Saturday, April 5, 2008

Two Smooth Operators

Did you check out Harlan Coben's trailer video for his book, Hold Tight, coming out April 15th? Looks like a pretty time-appropriate thriller, doesn't it? I keep saying that we need to throw his books in a time capsule because they truly are imitations of life as we know it now. I mean, come on, his first seven books are Myron the sports agent, and this culture is definitely obsessed with professional sports! In Back Spin, my latest read by Coben, Myron and Esperanza are watching Wheel of Fortune. And Myron ponders the question, "why do people who obviously know the answer to a puzzle buy a vowel?" I've always wondered that myself. I had to laugh and cheer during that part because when I use to watch the show I'd yell at the TV when people did that! Definitely imitating life!

So, in Back Spin, Myron is making the rounds on the golf course this time. If nothing else, he's a well sports-rounded agent, isn't he? He's at the U.S. Open when the leader's son is kidnapped. Now of course, the leader is NOT Tiger Woods. The leader is Jack Coldren, who happens to be married to a cousin of Win, a cousin Win will have nothing to do with. So, while Myron agrees to try to help find the boy, Win refuses to be involved.

Back Spin is the fourth installment of the Myron Bolitar series, and again here we see a focus on family relationships. These relationships revolve more around Win's family this time, and some interesting background on his character is revealed. This just adds to the depth and dynamics of Win. Despite all the dysfunction throughout the various family links, those links count for something in the end.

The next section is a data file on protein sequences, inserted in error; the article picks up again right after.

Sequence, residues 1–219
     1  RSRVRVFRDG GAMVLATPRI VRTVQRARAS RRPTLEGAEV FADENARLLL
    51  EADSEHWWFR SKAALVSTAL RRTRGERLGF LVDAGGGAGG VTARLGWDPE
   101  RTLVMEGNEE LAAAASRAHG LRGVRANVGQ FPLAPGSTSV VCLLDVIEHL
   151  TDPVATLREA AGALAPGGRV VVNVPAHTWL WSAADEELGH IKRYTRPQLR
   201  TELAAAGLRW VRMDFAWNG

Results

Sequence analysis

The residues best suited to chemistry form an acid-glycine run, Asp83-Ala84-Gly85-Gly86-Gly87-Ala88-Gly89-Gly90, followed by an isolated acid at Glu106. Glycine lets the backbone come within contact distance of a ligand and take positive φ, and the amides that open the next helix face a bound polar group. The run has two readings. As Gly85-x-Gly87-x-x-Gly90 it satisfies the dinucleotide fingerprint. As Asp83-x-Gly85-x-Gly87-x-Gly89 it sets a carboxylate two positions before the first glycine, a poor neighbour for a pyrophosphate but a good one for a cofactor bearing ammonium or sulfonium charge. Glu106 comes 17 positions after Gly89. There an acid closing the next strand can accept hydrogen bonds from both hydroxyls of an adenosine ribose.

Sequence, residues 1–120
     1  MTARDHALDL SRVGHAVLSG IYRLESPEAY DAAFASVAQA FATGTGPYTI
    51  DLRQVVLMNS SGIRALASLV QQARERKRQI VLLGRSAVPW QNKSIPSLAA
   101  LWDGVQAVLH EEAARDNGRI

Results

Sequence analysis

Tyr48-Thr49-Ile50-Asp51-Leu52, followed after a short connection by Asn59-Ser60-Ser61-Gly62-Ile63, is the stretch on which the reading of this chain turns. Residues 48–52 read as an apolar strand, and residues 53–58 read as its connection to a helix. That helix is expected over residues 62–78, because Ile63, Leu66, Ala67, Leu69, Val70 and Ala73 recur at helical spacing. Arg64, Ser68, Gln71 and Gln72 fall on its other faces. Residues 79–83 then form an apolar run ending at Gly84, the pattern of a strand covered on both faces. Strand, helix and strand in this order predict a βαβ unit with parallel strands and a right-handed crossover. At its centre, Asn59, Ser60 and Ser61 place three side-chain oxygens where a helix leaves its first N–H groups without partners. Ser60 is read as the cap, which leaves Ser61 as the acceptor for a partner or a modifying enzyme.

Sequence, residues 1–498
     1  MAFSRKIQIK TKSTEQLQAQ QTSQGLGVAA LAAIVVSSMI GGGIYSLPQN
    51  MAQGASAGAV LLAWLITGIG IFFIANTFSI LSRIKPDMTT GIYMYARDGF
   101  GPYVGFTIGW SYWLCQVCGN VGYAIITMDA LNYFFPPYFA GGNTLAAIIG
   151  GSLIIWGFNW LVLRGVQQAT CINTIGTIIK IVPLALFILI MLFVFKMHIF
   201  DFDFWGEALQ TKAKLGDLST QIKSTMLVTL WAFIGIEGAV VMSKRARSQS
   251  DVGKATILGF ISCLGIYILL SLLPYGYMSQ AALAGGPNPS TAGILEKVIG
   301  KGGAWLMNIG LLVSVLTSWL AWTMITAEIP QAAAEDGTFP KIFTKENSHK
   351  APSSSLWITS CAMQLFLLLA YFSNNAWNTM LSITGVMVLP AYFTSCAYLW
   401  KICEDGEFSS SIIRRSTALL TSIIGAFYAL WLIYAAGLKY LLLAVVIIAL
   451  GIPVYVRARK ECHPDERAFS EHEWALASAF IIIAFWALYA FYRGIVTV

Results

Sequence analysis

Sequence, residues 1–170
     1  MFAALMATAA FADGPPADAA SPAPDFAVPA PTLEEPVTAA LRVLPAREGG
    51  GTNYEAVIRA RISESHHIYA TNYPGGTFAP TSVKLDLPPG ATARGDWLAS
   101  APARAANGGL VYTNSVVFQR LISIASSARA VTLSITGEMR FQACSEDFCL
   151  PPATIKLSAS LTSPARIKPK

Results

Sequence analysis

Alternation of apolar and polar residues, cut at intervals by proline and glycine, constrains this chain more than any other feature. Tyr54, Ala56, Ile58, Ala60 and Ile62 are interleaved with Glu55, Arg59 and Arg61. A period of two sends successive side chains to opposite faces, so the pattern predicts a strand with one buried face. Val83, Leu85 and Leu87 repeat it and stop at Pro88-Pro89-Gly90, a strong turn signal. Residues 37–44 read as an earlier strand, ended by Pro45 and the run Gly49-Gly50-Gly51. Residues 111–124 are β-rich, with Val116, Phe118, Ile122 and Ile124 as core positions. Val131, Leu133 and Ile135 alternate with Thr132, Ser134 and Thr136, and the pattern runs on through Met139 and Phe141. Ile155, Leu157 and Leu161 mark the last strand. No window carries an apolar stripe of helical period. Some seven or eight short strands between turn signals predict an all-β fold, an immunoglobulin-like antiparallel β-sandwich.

As is par for the course (pardon the pun), Coben leads you in circles before the mystery is solved. He always give you just enough to start making hypotheses, and then a new detail throws a hitch in the whole guess. You often find yourself coming back to possible culprits only to question your theory yet again. It's so much fun. And it's a load of laughs.

I wasn't laughing quite as much in the fifth Spenser novel, The Judas Goat. Which is not to say it wasn't good. It was excellent, but Parker changed the tone of the novel a bit this time. It's nice to see an author throwing some changes in and not becoming formulaic.

In The Judas Goat, Spenser travels to London to track down the people who killed a wealthy businessman's family. When the heat is turned up, Spenser calls on Hawk to join him and the two of them track down the vigilante group.

Besides having a change of scenery, as I previously mentioned, there seems to be a change of tone in this novel. It's a more solemn, more introspective novel. I really enjoyed this novel because it reflected the sincerity of Spenser. I appreciate that he battles with his use of violence in his job. It isn't an "easy answer" for him and he doesn't easily resort to it. The Spenser vs. himself conflict is often the more intriguing plot to follow in Parker's books.

The interaction of Hawk and Spenser continues to add depth and dimension to both characters. They seem to be complements to one another, and at the same time function as each other's foil as well. The use of the character Kathie created some questions for me about Hawk. I look forward to seeing how his character develops and if I'm able to answer those questions about Hawk...or is he just meant to be an enigma?

The one criticism I had with Judas Goat was that I didn't feel the whole plot was resolved for me. I wanted to know WHO they were trying to assassinate and WHY. Was it just an arbitrary person? If not, how did they know the person would be a medal winner? And what was the ultimate point? Just to cause chaos? Why? I needed some strings tied together on that one. But overall, it was another great caper with Spenser.


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